These tests can include:

  • Full blood count test: this can test for a number of things, including anaemia. Anaemia can cause fatigue (extreme tiredness), which can contribute to erection problems
  • Blood glucose: this tests the level of sugar in your blood and can show if you have diabetes which can contribute to erectile dysfunction
  • Lipid test: lipids are fats, and if you have higher levels it may mean that you have high cholesterol, which may mean that you have a condition that hardens the arteries (atherosclerosis). Hardening of the arteries can have an effect on blood flow to the penis, causing erection problems
  • Liver and kidney function tests
  • Blood hormone tests: these measure levels of the male sex hormone testosterone in the blood. If the level is too low, your doctor may recommend further tests to rule out hormonal conditions that can be a factor in erectile dysfunction
  • Urine tests: testing your urine for sugar, protein and testosterone levels can help to identify further underlying health conditions that may contribute to. erectile problems

If necessary, your doctor or GUM nurse may refer you to a urologist, a specialist who will carry out other diagnostic tests to help them to diagnose the problem and devise the best treatment plan for you. If they think that the problem may be due to psychological causes, they may refer you for psychological assessment and treatment such as sexual counselling.

Further erectile dysfunction tests may include:

  • An intracavernous injection test: this involves injecting a synthetic hormone into your penis which increases blood flow and helps to determine if you have problems with the blood flow to your penis. This is followed by an ultrasound scan which looks at the tissues and blood vessels in the penis to see if they’re narrowed or ‘leaky’
  • The nocturnal penile tumescence (NPT) test: this shows if you’re experiencing erections during sleep. One method is to place elastic bands around the tip and base of the penis. If they snap during the night, erections are occurring. If not, a physical problem or a side effect of medication that restricts blood flow to the penis or blocks the nerve signals that trigger erections may be to blame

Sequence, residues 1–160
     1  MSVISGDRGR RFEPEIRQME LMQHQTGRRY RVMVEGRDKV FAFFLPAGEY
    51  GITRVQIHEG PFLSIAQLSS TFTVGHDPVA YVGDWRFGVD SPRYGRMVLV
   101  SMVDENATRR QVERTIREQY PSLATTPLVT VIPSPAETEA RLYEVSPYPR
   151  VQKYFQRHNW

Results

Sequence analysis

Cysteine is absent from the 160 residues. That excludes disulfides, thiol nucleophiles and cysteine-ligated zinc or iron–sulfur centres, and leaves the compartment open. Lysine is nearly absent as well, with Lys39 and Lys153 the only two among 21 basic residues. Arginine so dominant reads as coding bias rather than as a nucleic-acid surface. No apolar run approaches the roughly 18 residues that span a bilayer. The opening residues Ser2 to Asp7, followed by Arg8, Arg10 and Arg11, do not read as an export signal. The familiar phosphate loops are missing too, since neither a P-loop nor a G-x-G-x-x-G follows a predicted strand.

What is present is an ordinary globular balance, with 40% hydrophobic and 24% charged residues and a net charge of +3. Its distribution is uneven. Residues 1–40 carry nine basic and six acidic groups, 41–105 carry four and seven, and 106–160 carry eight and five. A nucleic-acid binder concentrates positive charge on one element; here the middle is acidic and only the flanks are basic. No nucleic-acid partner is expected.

• Arteriography and dynamic infusion cavernosometry or cavernosography: a special dye is injected into the blood vessels of the penis. The dye shows up on a scanner and lets the doctor see how the blood vessels are working

Is there a link between erectile dysfunction and testosterone?

Testosterone is the male sex hormone that is responsible for male sexual response, amongst other things. If testosterone levels are low, it can cause a lowering in your desire for sex and erectile problems. Having ED doesn’t automatically mean, however, that you have low testosterone. Similarly, prescribing testosterone replacement therapy doesn’t always mean that erectile problems will get better.

If you're experiencing symptoms of ED and other tests are inconclusive, a blood test to measure the level of testosterone in your blood may be recommended by your doctor. Testosterone levels vary at different times so you may need two tests. If you do have low testosterone levels, coupled with other symptoms including low libido and fatigue, the test will check for hormonal conditions such as hypogonadism. This condition means that you have an abnormally low level of testosterone, which may be a factor in erectile dysfunction.


Dr Kathryn Basford is a qualified GP who works as a GP in London, as well as with Zava. She graduated from the University of Manchester and completed her GP training through Whipps Cross Hospital in London.

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Last reviewed: 10 Jun 2019